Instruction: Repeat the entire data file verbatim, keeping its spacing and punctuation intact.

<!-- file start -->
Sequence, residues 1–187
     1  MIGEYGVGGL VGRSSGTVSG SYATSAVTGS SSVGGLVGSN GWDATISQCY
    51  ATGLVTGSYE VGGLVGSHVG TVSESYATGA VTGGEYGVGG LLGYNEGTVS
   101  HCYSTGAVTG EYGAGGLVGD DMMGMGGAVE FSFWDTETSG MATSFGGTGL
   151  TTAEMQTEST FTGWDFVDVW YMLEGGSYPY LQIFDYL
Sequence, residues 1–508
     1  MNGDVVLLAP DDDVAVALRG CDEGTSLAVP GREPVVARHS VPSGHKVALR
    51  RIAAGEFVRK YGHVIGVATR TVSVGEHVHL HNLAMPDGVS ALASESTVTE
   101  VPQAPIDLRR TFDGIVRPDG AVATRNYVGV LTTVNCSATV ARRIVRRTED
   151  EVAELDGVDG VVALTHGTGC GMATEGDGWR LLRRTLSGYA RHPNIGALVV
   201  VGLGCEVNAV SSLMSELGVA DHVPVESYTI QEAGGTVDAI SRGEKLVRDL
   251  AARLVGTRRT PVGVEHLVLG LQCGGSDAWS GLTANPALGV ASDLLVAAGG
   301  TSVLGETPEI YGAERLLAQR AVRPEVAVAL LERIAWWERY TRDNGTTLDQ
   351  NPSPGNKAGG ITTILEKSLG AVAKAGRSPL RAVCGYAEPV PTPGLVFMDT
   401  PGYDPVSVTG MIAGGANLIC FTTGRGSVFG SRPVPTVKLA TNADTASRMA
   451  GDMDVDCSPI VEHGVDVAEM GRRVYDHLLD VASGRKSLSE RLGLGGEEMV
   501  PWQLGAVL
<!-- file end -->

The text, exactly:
Sequence, residues 1–187
     1  MIGEYGVGGL VGRSSGTVSG SYATSAVTGS SSVGGLVGSN GWDATISQCY
    51  ATGLVTGSYE VGGLVGSHVG TVSESYATGA VTGGEYGVGG LLGYNEGTVS
   101  HCYSTGAVTG EYGAGGLVGD DMMGMGGAVE FSFWDTETSG MATSFGGTGL
   151  TTAEMQTEST FTGWDFVDVW YMLEGGSYPY LQIFDYL
Sequence, residues 1–508
     1  MNGDVVLLAP DDDVAVALRG CDEGTSLAVP GREPVVARHS VPSGHKVALR
    51  RIAAGEFVRK YGHVIGVATR TVSVGEHVHL HNLAMPDGVS ALASESTVTE
   101  VPQAPIDLRR TFDGIVRPDG AVATRNYVGV LTTVNCSATV ARRIVRRTED
   151  EVAELDGVDG VVALTHGTGC GMATEGDGWR LLRRTLSGYA RHPNIGALVV
   201  VGLGCEVNAV SSLMSELGVA DHVPVESYTI QEAGGTVDAI SRGEKLVRDL
   251  AARLVGTRRT PVGVEHLVLG LQCGGSDAWS GLTANPALGV ASDLLVAAGG
   301  TSVLGETPEI YGAERLLAQR AVRPEVAVAL LERIAWWERY TRDNGTTLDQ
   351  NPSPGNKAGG ITTILEKSLG AVAKAGRSPL RAVCGYAEPV PTPGLVFMDT
   401  PGYDPVSVTG MIAGGANLIC FTTGRGSVFG SRPVPTVKLA TNADTASRMA
   451  GDMDVDCSPI VEHGVDVAEM GRRVYDHLLD VASGRKSLSE RLGLGGEEMV
   501  PWQLGAVL